One of the biggest mistakes that most online retailers make is they do not take into account typical buyer behavior. The conversion from real world to online provides many benefits to the retailer, but present some real challenges for the customer because their buying decision is made more difficult in an online environment. This means having a website needs to be more than having just an online catalog.


What do I mean? Let’s take the example of a recent client of mine who sells sterling silver jewelry.

Their site that was well-structured; the items pages were neatly laid out, images were clear, add to cart button clearly visible and there was a short description of the item. There was a page with a 14-day money-back guarantee, and a privacy page saying your details would be kept secure. But still, sales were slow.

What was missing? What could be done to encourage visitors to purchase?

The answer is we need to stop and think about buyer behavior. Let’s think about the buying process when we are in a physical store.

If the salesperson handed you a card with a picture and a short description of the item, would you buy it? What if they went one step further – even let you look at the item through the glass countertop. Would you buy it? Already we are providing more than the average website, but I bet you still have not said yes to buying.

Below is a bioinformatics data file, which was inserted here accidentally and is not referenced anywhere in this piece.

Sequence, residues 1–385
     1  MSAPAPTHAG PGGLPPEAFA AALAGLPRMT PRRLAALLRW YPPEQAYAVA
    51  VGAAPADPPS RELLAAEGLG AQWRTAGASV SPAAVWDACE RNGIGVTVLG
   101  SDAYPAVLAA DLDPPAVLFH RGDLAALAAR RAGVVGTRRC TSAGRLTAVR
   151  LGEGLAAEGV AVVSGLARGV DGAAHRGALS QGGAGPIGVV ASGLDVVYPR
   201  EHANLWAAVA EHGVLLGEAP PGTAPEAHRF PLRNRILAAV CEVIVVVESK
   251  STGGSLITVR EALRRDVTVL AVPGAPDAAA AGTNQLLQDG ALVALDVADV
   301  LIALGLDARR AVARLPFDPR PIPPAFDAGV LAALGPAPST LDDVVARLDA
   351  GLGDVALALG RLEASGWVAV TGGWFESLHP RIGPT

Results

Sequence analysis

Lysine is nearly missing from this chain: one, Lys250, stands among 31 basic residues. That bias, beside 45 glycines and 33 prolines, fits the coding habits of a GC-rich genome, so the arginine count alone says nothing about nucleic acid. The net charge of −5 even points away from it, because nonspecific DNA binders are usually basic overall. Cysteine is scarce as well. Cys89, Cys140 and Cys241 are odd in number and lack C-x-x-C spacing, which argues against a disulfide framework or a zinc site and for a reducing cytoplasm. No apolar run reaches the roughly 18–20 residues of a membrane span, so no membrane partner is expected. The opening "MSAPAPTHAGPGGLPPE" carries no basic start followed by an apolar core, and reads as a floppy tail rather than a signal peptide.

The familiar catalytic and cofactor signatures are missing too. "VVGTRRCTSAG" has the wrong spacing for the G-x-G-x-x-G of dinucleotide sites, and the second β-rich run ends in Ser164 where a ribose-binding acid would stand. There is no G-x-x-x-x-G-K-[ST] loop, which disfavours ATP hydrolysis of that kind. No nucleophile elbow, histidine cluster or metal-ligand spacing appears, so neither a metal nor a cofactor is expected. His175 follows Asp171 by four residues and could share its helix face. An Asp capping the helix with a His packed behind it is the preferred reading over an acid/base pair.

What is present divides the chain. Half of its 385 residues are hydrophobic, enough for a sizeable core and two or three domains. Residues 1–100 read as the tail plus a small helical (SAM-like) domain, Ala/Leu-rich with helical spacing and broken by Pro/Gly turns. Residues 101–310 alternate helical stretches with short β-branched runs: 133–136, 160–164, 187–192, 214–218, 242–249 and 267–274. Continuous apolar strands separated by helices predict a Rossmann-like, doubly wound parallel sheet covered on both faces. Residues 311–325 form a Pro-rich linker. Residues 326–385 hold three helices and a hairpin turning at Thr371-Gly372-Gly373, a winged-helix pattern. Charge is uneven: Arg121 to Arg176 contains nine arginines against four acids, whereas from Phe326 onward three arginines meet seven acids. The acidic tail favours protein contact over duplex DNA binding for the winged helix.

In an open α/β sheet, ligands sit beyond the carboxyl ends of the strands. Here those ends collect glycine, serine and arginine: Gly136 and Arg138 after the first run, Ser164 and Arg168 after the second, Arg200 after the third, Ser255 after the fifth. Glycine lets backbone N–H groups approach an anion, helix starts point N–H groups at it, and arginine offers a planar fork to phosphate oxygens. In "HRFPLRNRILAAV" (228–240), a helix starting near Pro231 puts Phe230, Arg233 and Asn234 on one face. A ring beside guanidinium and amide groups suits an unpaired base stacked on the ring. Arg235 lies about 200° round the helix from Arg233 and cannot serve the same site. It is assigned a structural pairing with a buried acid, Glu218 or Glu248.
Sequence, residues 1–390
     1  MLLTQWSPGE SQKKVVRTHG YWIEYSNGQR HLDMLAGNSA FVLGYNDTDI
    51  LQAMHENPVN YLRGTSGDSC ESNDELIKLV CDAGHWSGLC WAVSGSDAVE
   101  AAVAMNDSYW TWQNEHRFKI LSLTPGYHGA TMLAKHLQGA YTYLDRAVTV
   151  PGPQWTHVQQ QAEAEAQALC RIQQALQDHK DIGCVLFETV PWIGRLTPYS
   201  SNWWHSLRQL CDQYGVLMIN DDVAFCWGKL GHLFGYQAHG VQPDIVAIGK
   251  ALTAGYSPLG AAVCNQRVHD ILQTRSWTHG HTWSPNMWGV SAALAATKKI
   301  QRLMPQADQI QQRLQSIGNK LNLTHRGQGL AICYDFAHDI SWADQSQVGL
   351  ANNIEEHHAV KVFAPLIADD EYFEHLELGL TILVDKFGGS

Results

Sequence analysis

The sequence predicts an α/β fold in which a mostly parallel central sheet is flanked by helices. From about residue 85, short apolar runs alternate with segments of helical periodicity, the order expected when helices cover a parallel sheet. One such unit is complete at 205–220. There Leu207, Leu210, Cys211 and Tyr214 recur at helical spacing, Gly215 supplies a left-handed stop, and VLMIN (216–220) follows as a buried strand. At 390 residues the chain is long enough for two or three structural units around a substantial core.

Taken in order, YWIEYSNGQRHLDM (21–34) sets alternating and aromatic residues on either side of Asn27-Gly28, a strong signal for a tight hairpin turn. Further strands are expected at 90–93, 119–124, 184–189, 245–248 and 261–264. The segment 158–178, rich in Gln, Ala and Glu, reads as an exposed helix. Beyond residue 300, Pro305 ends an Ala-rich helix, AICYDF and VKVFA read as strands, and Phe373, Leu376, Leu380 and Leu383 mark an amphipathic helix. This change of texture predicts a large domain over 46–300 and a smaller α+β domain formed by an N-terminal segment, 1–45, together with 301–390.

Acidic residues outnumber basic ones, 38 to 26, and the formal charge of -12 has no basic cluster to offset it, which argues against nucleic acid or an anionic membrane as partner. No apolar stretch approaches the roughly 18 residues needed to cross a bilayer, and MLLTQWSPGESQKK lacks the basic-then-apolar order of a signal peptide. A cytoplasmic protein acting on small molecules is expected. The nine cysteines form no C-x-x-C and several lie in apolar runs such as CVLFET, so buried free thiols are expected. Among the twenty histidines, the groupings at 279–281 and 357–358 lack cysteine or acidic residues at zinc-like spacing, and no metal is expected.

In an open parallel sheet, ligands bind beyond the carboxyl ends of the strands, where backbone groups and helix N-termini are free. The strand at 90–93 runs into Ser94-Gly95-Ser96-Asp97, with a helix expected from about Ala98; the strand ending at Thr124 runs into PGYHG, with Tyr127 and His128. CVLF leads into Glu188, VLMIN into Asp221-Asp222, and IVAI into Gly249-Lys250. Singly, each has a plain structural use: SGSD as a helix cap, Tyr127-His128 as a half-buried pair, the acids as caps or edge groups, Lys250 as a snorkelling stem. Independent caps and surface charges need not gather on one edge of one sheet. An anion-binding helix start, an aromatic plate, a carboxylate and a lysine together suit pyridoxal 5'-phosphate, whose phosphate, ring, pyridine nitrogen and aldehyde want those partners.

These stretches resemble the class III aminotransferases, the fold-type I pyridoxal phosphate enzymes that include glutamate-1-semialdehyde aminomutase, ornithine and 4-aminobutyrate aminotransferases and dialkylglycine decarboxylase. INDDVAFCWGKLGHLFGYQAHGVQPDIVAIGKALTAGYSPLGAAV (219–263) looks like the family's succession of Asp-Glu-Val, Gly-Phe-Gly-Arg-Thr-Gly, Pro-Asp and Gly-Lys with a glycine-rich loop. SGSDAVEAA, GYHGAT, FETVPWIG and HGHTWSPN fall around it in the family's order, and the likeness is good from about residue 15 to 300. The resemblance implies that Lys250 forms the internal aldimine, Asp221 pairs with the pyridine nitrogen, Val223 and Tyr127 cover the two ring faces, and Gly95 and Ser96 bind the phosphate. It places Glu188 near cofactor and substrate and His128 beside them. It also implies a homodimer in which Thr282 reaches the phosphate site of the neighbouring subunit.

What are the steps that we follow in our purchase decision process? First, we would ask to hold the item. Even without asking the salesperson a question, we will be making evaluations based on the weight and feel of the item. Does the clasp look strong? If there are any gems, does the setting look well secured? How does it look against the skin (fair, olive dark complexions)? These are just some subconscious questions we ask and answer during our appraisal, as we turn the item, hold it up against our skin, or place on a finger.

If the answers are not instantly evident, we ask the salesperson, who also provides encouraging comments about the item and your good choice.

So how does this translate to a website?

Simply by addressing the natural flow of consumer assessment onto your website.

Here are some basic steps you need to take:

Enhance your product descriptions; don’t expect the image to sell the item for you. Describe how the item feels, smells, its weight. Are all items the highest grade?

Make the best use of images. If people try it on (jewelry, clothing, etc) as part of the normal appraisal process, how can you best meet that need online? Do you need pictures of the necklace being worn on different skin types, or if clothing how does it look on different complexions and hair colors?

Tell people how they will feel by owning this item – that they will look a million dollars in that dress, they will attract admiring glances, that it will enhance off the color of their eyes – all designed to reassure the customer that they are making the right choice.


Make the returns’ policy statement with each item. Include it in the text perhaps like; we are so confident that you will be delighted with this “product name” that if you are not 100% satisfied, return within XX days for a full no questions asked refund.

Implement these steps and you will see your sales rates increase.

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